The Four Seasons of Ikoma

The Four Seasons of Ikoma

Taking in Nara’s year-round beauty


Temples of Ikoma (Photo by Felicity Tillack)

What’s in Ikoma? Those visiting this northern Nara Prefecture city in early spring would witness changeable weather and bare pre-spring gardens—an impression unlikely to place Ikoma in anyone’s top ten.

A better question to ask is: When should one go there? From paths lined by hundred-year-old sakura trees to autumnal festivals and a familiar shrine made mystical under snow, each season has its own special appeal.


Blossom-lined steps
(Photo by Felicity Tillack)

Rather than determinedly hiking the 1.5-kilometer, mostly uphill path from Ikoma Station to Hozanji Shrine, meander beneath the blossoms lining the stone steps.

The walk brims with charm, leading travelers past quaint older homes and small shrines, all be-pinked beneath trees—some of which are a century old.

There are also small parks with views over the city, usually beckoning other picnickers with whom to make friends.


(Photo by Felicity Tillack)
(Photo by Felicity Tillack)

What better season for being outside than summer? Sri Lankan restaurant Lucky Garden has tables beneath leafy trees from which to enjoy natural vistas while eating the locally-sourced food, transformed into exotic dishes.

There are even sheep to visit and feed in a petting area at Lucky Garden, and a small gallery of handmade crafts to browse. The restaurant is a perfect spot for relaxing post-hike, or just for chilling with friends—if you’re the type that prefers to enjoy the great outdoors with minimal sweating. It’s best to visit anytime outside of obon, but be sure to call in advance to reserve your table.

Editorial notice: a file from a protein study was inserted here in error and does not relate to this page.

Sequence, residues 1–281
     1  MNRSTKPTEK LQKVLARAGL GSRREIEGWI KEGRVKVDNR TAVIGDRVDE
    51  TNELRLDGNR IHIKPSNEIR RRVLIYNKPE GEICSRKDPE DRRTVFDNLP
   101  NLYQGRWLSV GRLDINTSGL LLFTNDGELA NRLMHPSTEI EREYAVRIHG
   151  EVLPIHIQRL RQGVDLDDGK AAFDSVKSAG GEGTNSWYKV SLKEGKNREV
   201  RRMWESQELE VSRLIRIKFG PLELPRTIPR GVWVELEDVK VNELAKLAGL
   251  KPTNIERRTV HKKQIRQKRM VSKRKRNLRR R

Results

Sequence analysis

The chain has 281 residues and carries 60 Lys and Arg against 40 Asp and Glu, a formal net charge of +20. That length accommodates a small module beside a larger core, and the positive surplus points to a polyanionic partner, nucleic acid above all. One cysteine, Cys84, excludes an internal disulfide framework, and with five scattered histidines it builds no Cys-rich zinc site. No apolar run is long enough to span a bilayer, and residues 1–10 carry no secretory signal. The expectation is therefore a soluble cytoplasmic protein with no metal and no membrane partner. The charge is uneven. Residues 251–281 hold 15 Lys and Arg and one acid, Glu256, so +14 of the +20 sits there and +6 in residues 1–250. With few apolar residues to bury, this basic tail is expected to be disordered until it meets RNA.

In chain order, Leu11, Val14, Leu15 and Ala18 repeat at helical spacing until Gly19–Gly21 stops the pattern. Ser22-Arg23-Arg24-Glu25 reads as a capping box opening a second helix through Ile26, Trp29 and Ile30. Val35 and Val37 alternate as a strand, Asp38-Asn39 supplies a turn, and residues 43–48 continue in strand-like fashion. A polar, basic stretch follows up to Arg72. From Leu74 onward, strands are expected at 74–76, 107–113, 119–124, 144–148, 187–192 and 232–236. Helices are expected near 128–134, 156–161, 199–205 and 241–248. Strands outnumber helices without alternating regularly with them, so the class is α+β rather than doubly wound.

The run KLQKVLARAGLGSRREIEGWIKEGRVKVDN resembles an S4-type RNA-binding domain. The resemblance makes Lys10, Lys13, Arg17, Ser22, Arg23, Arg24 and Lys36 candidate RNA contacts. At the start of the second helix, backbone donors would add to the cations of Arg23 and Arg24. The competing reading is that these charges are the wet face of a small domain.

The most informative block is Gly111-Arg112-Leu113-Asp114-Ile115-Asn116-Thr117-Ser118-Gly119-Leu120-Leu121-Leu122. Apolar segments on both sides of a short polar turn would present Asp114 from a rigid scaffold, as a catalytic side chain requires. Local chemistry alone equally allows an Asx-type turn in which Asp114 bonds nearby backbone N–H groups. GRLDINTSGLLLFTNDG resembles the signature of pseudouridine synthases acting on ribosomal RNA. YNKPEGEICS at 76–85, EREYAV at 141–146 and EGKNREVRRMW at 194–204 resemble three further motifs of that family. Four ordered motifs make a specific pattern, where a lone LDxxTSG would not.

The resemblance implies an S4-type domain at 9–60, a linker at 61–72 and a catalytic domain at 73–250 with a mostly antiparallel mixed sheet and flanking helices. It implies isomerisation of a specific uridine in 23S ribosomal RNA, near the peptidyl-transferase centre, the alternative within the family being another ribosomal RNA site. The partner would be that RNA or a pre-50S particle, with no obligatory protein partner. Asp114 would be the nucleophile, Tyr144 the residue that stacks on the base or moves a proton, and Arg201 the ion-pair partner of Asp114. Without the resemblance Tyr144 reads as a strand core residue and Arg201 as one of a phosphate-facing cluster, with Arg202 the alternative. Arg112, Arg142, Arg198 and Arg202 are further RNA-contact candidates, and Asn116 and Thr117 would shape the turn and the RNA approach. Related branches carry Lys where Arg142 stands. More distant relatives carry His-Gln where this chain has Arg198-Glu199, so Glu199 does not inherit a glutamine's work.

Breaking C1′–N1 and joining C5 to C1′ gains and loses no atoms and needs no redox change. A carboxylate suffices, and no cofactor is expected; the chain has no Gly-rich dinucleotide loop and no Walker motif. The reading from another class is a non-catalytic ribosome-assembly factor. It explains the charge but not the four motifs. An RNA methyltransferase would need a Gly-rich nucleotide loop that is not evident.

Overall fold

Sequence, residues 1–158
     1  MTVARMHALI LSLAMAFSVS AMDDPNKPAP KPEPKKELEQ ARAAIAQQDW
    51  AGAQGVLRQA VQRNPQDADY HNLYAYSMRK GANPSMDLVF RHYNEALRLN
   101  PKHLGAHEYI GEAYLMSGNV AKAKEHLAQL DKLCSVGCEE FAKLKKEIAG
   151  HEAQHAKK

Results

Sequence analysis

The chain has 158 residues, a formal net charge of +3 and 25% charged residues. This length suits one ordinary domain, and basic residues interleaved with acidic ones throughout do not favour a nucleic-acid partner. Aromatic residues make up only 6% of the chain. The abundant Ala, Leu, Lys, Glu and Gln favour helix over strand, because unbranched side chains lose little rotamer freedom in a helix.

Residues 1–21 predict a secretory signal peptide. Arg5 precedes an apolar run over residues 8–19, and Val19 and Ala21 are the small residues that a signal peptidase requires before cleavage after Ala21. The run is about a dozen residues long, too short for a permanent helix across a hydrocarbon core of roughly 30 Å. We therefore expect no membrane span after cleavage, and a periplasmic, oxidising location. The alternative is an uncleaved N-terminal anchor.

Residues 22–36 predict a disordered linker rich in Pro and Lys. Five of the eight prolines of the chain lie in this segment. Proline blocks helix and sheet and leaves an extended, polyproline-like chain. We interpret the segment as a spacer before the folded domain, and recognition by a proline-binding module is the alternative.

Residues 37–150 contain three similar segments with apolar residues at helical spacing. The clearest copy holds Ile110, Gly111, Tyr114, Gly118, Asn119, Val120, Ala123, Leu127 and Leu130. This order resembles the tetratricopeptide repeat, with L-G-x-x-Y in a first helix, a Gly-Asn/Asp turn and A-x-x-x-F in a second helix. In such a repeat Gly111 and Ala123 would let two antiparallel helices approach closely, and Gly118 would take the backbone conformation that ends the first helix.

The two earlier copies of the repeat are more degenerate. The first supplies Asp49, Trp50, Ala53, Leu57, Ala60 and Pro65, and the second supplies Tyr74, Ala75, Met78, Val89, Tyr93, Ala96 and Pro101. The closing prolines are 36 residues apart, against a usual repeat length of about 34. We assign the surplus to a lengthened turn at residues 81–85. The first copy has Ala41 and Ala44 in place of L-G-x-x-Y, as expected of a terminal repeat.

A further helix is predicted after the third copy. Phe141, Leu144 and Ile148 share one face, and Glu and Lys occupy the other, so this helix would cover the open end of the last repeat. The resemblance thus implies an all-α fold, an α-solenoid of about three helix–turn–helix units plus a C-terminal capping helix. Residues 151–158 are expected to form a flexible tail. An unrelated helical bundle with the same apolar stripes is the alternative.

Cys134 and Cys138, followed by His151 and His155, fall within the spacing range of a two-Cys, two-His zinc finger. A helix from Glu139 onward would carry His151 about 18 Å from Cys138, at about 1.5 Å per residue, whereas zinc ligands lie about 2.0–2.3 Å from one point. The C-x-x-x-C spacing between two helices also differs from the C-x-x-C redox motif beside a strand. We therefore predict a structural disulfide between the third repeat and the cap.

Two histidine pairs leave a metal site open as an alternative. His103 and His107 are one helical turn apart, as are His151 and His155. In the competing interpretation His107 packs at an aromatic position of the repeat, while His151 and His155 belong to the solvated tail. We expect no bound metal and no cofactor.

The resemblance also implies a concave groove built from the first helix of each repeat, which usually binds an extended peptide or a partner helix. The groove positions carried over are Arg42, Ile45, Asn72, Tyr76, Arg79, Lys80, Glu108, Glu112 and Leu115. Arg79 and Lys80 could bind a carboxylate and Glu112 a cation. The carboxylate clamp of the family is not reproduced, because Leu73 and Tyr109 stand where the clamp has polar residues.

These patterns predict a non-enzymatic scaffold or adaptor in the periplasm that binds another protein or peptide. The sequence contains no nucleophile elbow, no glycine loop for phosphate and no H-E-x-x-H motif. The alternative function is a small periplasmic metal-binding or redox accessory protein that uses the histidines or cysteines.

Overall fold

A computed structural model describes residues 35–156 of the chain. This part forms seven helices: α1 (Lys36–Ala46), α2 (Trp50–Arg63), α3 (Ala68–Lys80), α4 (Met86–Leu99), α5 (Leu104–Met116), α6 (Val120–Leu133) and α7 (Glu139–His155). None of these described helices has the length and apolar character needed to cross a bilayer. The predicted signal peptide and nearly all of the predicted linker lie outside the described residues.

(Photo by Felicity Tillack)
(Photo by Felicity Tillack)

Blue skies make for the best hikes—and Ikoma is primarily known by many for its wonderful trekking routes. A popular course starts from Ishikiri Station, leading up through the forest, with climbing views of Osaka.

Those with cars may drive along the Shigi-Ikoma Skyline and stop to snap pictures of the panoramic megalopolis. One of this season’s must-see events is the lantern festival held in September to celebrate the equinox, where ten thousand lanterns—many of which are created by local artists and school children—line the path up to Hozanji. Best time to visit: September 23, for the festival.


(Photo by Felicity Tillack)
(Photo by Felicity Tillack)

Even on a clear day, Hozanji Shrine is misty: Smoke from incense wafts out from the wide, bronze urns, bathing worshippers who visit. In winter, the inclement weather hits the shrine first, hiding her from the city below.

Snow falls infrequently, however; and when it does, the road up becomes slippery and dangerous, especially for pedestrians. This means fewer people at the shrine, which has become even more mystical beneath the snow and distant from the real world.

For photographers, this is a great opportunity to visit and enjoy Hozanji’s serene, cold beauty. The best times to visit are January and February to see the most snow—so keep an eye on the weather forecast.

Ikoma, like the rest of Japan, is a city that changes dramatically with each season. For the daytripper, it may seem there are only a few nearby destinations to visit. For travelers, timing can be everything. Knowing when to go will make the trip more memorable and make Ikoma worth visiting again next season.


Ikoma is an easy day trip from Osaka or Kyoto. From Osaka, take a rapid or limited express on the Kintetsu Line from Osaka-Namba Station directly to Ikoma. Via the subway, take the green Chūō Line. From Kyoto, take a Kintetsu Line rapid or express heading to Yamatosaidaiji, and then change to a train heading to Ikoma or Osaka-Namba.

Lucky Garden
Tel: 0743-77-7936. (Japanese only)